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Taxes on Stocks: Your Guide to the Capital Gains Tax

taxes on stocks
Written by fritzie

Not sure how to pay taxes on stocks?

Selling stocks can be a great way to boost your income, reap the benefits of your investments, and get funding for the big projects you want to start. However, when tax season arrives, there can be some unpleasant surprises if you don’t know what to expect.

If you don’t pay the right taxes on stocks, you might end up paying penalties to the IRS. And even if you follow all the rules, you might get hit with taxes that you weren’t expecting when it’s time to file. Don’t get left in the dark – get educated so you’ll know how to budget for taxes on stocks.

In this guide, we’ll help you understand how the capital gains tax might affect you. Keep reading for the information you need!

What is the Capital Gains Tax?

The term “capital gain” refers to how much money you make on a stock. If you sell the stock for more than you bought it for, you have capital gains that you’ll need to pay taxes on.

Of course, stocks don’t always go up in value before you sell them (although that’s the hope in investing). If you sell your stock for less than you bought it for, you’ll have a capital loss, and you won’t have to pay tax.

The capital gains tax applies because gains on stocks are a form of income, and you have to pay taxes on your income. However, business income doesn’t count as a type of capital gain. You’ll get taxed differently on any business income that you bring in over the year.

Who Pays the Capital Gains Tax?

It’s a common misconception that taxes on stocks only apply to the rich. However, anyone can end up with capital gains that they’ll need to pay taxes on at the end of the year.

Anytime you sell stocks, you might have to pay taxes on it. Other assets, as well as stocks, also count as property that you might have to pay taxes on. For example, if you invested in property, capital gains tax might apply to that when you sell it. Almost all kinds of capital gains are supposed to be reported when you do your taxes.

When Does the Capital Gains Tax Apply?

What are some common situations when the capital gains tax applies or changes? Let’s take a look at what to be aware of before tax season arrives.

Short-Term Tax

The short-term capital gains tax applies to investments that you’ve had for a year or less. The tax rate for these short-term investments is calculated using your ordinary tax bracket.

Long-Term Tax

If you have your investments for a year or more, you’ll be paying the long-term tax instead. These tax rates are also determined by your taxable income levels, but they are lower than the rates for short-term investments. Holding onto your investments longer can help you save money when it comes to paying taxes on stocks.

Various Investments

As mentioned above, the capital gains tax applies to many different investments, not just stocks. You’ll have to pay tax on gains realized from short- or long-term investments such as boats, cars, or real estate.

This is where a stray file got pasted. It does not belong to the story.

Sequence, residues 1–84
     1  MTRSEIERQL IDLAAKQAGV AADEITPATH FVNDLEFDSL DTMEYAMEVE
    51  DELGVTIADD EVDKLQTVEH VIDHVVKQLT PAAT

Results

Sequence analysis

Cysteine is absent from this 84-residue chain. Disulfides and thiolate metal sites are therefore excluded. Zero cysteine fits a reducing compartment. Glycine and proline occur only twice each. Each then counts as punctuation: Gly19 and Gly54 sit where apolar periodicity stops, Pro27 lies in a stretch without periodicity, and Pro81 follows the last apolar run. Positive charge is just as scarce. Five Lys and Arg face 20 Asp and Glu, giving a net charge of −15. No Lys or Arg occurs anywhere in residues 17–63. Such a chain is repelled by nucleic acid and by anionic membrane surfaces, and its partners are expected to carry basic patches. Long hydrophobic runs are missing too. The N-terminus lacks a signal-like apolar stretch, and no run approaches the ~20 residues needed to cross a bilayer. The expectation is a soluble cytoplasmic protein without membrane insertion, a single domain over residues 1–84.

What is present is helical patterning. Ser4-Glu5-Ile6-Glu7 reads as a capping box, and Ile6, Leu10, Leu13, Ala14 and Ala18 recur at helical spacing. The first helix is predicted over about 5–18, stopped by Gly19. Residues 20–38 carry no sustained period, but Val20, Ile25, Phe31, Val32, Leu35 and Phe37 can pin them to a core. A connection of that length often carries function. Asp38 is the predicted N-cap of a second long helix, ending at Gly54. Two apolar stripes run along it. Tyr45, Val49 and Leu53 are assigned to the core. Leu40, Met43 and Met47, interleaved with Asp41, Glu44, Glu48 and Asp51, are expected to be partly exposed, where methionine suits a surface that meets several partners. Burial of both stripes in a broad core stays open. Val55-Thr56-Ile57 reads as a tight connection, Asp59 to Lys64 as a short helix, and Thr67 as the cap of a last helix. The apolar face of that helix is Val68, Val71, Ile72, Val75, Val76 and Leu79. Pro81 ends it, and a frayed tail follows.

However, the capital gains tax won’t apply to the value of your home. For many people, this is their most valuable asset, and selling your home can result in huge gains. Luckily, you won’t have to pay this kind of tax on your home when you sell it. As long as you meet certain conditions, you’ll be exempt.

What if You Have Capital Losses?

Does the capital gains tax still apply when there are capital losses instead?

Capital losses don’t require you to pay taxes on them since you didn’t make a profit from the sale. And capital losses can also be valuable by helping offset the cost of the capital gains tax.

The amount of the losses can be subtracted from the amount of the gains, so you’ll only need to pay taxes on the difference between the two.

How to Pay Less Taxes on Stocks

Paying the capital gains tax can take a huge chunk out of your income from stocks. However, there are some ways you can reduce the amount of tax you’ll have to pay. Try these strategies so you can keep more of the money your investments have earned.

1. Open Tax-Advantaged Accounts

Some investment accounts are designed to help you save more on your taxes. Try an IRA, a 401(k), or another account with tax-deferred or tax-free gains. These types of accounts let you circumvent the capital gains tax.

In some types of accounts, such as Roth IRAs, you can even distribute qualified funds without paying any taxes at all. Since you put money into a Roth account after taxes, you can take out the contributions you made tax-free. You can also take out money from the gains for qualified reasons, such as education expenses.

2. Plan for the Long Term

Keeping investments for longer reduces the amount of taxes you’ll need to pay, so plan ahead and keep your investments until you can reap this tax benefit. The longer you wait, the more you stand to gain with many investments, so it’s a win-win situation.

3. Carry Over Capital Losses

If you have capital losses, you should always use them to help offset your capital gains. Sometimes, the amount of the loss will go over the amount you can deduct in a single year. If that’s the case, you can actually carry over the rest of the losses into the next year, and use them to offset your gains in the future, too.

Stay Prepared to Pay Taxes on Stocks

Paying taxes on stocks and other investments is a normal part of investing. As long as you inform yourself about what to expect, you won’t have any surprises when tax time comes, and you can take steps to minimize what you’ll owe.

However, if you weren’t ready for tax season and you find yourself in tax debt, don’t worry. There are ways to get out – read this post to learn more.

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